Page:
Basic concepts

Resynchronization and atrial fibrillation

Heart failure and atrial fibrillation promote each other in a vicious circle. The prevalence of atrial fibrillation among candidates for BiV resynchronization is high and increases with the severity of symptoms, from 5% among patients in NYHA functional class I, 10 to 25% among patients in class II and III, and 50% among patients in class IV. The presence of atrial fibrillation lowers the likelihood of response to resynchronization. Complete and consistent BiV capture, indispensible for a reliable response, is compromised in presence of atrial fibrillation. A proportion of patients in atrial fibrillation present with a rapid and irregular ventricular rate, which prevents a consistent capture. In addition, they cannot benefit from AV resynchronization, which contributes to the results obtained in presence of sinus rhythm. In resynchronized patients, sinus rhythm must be maintained and heart rate controlled meticulously for as long as possible, using drug therapy, if necessary. The various choices include 1) the administration of a loading dose of amiodarone and performance of cardioversion to restore sinus rhythm; 2) treatment with amiodarone or ablation of the pulmonary veins and left atrial arrhythmogenic substrate to maintain sinus rhythm; 3) the administration of a rate-controlling treatment to facilitate BiV stimulation; 4) the programming of a specific algorithm, which triggers stimulation upon sensed ventricular events; and 5) the ablation of the His bundle to eliminate the competition between spontaneous and paced rhythm.

The ablation of the AV junction by radiofrequency is a validated treatment which, when combined with the programming of a rate response, maintains the heart rate adapted to rest as well as effort and consistent BiV stimulation by eliminating the competition with spontaneous rhythm. The programming of algorithms triggering stimulation (pseudo-VVT) in patients in atrial fibrillation may be ineffective since the rate remains rapid and fusion between spontaneous activation and ventricular stimulation is often incomplete, if not absent (pseudo-fusion). Ablation of the pulmonary veins and of the left atrial substrate has been performed, although the results in patients in heart failure, whose left atrium is dilated, are suboptimal. Therefore, as a first step, attempts must be made to maintain sinus rhythm with a view to preserve the atrial contribution to ventricular filling and a range of physiologic rates at rest as well as during effort. When this strategy is unsuccessful, rate must be controlled with beta-adrenergic blockade, though ablation of the His bundle should be liberally offered in case of incomplete result, since patients in whom AV conduction is preserved and whose percentage of stimulation is low derive no benefit from this treatment.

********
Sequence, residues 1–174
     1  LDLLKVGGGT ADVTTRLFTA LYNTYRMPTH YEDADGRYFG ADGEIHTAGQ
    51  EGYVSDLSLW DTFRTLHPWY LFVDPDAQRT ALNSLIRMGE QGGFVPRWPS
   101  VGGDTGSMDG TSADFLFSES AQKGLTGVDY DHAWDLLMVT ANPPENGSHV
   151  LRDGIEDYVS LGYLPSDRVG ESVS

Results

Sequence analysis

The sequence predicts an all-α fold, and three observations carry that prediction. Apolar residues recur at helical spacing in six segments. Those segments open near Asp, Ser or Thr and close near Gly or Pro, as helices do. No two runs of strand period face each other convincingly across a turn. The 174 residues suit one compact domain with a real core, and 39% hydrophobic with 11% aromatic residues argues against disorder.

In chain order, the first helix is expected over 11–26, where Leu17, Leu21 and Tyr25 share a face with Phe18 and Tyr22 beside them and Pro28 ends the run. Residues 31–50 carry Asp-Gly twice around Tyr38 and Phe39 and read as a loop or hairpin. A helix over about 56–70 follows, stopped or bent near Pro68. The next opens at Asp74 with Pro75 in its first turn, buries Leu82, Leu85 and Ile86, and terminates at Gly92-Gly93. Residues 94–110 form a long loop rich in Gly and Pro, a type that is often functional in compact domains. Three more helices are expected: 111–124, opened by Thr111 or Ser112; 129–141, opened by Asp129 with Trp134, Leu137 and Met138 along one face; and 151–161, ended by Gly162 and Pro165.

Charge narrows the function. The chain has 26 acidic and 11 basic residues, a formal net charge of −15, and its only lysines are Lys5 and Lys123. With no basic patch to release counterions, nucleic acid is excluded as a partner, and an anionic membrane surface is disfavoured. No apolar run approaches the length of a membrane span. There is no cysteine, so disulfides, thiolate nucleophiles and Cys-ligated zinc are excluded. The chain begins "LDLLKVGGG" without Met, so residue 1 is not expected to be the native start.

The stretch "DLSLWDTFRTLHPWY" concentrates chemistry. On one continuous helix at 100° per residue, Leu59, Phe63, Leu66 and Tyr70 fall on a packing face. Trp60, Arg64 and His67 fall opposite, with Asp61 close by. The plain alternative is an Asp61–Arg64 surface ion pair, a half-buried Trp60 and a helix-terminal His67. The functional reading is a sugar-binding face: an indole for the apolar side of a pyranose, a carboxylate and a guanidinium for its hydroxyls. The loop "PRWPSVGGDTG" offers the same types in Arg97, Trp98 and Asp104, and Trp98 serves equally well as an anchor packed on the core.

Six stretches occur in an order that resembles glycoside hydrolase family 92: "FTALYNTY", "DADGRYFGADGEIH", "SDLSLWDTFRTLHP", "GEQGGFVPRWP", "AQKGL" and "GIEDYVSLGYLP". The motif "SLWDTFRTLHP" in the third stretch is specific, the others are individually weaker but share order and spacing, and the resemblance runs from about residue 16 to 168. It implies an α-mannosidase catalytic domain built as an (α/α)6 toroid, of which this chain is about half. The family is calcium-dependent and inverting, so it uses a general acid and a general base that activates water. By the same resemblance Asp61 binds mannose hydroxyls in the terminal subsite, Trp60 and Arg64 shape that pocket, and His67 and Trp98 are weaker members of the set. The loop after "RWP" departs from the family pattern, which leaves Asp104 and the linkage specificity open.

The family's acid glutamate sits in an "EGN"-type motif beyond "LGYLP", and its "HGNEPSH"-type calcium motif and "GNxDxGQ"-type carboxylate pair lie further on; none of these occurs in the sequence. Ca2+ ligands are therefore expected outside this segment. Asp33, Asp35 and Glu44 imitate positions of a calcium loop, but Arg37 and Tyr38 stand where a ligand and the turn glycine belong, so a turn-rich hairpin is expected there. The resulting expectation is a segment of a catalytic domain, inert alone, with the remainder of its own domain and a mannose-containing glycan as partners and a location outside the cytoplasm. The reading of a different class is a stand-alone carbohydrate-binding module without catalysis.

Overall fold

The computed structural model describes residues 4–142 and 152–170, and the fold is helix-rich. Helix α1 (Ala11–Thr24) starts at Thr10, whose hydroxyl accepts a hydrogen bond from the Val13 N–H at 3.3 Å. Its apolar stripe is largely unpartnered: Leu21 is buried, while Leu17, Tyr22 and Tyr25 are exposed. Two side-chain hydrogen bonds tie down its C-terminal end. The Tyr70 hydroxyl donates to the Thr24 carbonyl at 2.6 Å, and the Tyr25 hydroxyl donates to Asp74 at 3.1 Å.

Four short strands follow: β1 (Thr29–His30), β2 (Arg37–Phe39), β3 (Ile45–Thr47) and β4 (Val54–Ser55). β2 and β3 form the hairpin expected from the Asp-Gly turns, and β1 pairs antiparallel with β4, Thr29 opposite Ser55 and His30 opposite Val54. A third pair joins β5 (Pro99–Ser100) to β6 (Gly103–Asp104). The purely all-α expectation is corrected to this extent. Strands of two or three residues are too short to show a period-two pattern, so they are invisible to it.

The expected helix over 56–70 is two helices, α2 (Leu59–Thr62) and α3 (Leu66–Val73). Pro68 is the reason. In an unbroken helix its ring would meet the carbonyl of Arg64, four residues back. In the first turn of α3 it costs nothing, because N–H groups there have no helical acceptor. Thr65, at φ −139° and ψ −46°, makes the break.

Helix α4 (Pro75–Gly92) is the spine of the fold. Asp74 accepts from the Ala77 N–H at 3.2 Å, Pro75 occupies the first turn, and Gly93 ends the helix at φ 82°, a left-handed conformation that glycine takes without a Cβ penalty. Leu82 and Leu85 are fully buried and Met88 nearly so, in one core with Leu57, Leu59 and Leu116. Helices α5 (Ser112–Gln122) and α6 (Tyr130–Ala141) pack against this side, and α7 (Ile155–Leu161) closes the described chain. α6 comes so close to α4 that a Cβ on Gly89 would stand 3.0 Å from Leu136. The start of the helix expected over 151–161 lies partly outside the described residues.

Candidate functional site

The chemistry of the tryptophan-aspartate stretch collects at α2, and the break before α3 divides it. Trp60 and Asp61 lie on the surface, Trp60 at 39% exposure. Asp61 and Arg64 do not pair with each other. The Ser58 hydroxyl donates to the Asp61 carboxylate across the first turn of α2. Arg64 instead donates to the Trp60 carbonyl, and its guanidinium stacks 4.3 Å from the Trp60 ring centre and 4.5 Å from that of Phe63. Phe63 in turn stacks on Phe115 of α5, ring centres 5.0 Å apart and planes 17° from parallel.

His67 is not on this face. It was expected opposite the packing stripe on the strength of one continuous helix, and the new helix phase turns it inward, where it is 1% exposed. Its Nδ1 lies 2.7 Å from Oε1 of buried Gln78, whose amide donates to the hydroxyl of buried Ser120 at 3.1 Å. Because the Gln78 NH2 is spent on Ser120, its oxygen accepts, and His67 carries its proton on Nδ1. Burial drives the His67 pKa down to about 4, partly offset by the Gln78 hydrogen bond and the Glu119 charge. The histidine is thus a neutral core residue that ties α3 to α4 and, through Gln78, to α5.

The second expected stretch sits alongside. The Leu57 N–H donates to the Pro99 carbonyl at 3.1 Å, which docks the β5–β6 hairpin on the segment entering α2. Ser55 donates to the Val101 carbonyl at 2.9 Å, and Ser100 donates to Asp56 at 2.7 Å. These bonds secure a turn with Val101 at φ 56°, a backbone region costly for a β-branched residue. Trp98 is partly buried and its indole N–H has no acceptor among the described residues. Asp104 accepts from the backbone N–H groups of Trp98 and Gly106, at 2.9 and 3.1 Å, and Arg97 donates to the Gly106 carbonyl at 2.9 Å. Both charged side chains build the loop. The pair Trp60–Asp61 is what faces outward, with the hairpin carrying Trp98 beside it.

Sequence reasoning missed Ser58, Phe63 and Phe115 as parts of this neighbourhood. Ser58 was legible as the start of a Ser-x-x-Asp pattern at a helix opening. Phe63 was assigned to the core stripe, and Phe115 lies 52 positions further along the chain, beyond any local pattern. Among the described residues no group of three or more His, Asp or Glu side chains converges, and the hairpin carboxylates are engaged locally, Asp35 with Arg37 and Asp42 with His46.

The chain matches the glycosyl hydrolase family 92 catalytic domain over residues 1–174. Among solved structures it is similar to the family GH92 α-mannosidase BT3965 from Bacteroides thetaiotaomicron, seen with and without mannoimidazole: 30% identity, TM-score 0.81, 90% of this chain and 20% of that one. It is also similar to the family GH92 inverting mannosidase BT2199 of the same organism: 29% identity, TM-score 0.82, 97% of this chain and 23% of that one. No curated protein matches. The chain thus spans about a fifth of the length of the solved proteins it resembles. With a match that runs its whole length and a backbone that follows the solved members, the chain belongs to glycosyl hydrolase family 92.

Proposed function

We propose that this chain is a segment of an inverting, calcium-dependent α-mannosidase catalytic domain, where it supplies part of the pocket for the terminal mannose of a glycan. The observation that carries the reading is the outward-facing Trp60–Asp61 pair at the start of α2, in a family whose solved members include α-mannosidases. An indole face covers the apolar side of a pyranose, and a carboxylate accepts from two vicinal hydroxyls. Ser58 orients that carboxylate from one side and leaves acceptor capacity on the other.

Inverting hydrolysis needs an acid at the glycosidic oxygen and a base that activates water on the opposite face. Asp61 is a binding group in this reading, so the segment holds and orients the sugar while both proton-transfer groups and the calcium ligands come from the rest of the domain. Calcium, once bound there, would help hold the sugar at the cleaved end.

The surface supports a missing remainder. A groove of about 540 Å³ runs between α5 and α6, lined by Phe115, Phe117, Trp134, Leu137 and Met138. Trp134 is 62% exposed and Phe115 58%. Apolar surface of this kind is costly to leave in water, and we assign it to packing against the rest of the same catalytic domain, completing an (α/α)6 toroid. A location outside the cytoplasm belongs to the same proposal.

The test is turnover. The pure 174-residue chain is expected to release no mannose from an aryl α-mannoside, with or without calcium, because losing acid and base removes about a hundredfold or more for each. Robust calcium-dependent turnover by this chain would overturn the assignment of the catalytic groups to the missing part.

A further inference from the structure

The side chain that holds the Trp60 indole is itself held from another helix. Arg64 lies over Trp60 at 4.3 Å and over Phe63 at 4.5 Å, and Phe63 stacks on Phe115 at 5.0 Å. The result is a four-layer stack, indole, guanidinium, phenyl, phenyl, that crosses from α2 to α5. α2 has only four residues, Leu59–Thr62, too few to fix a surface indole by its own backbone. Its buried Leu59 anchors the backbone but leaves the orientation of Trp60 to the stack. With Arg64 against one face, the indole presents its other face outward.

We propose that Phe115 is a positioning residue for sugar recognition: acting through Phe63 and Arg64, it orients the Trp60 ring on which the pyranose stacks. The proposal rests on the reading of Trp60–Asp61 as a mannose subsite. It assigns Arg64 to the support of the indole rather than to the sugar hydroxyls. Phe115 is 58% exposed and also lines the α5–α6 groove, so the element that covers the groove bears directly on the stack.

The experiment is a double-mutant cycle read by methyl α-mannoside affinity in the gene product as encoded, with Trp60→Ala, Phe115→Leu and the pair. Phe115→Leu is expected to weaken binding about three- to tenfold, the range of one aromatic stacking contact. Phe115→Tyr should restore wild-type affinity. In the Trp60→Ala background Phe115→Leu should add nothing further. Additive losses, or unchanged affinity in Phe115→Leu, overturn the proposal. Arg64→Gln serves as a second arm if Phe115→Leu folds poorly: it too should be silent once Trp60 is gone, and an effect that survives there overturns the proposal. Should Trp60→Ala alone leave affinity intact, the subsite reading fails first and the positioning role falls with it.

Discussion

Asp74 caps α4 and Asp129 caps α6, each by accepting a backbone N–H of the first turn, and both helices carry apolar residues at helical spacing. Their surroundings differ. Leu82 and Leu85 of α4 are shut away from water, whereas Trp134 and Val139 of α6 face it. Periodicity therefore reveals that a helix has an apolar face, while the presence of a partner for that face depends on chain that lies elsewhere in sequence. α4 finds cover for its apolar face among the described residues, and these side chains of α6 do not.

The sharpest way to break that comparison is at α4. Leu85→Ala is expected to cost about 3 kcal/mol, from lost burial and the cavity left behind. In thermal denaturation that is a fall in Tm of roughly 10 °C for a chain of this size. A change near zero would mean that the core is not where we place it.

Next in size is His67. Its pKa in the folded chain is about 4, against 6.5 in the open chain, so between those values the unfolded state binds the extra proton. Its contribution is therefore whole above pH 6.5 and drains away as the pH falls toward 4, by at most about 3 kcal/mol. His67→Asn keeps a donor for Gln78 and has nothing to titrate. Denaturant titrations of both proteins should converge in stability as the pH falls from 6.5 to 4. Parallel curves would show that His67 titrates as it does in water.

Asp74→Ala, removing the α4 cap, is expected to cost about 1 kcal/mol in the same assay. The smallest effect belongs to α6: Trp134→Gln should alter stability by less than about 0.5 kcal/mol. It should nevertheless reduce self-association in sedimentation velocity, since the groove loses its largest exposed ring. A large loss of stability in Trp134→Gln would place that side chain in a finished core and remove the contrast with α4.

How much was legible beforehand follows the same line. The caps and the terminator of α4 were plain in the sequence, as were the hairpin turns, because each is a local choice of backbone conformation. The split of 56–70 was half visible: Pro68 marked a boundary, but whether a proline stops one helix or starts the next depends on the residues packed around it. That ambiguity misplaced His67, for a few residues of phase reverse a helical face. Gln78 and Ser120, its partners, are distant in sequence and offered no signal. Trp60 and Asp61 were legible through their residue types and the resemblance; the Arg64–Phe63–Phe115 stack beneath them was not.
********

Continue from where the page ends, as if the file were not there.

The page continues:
Several algorithms can also be programmed to prevent the development of atrial fibrillation, based on various mechanisms, including increase in the percentage of atrial stimulation, decrease in the duration of post-PVC pauses, or non-competitive atrial stimulation. There is currently no proof of the efficacy of this type of algorithms in patients undergoing CRT.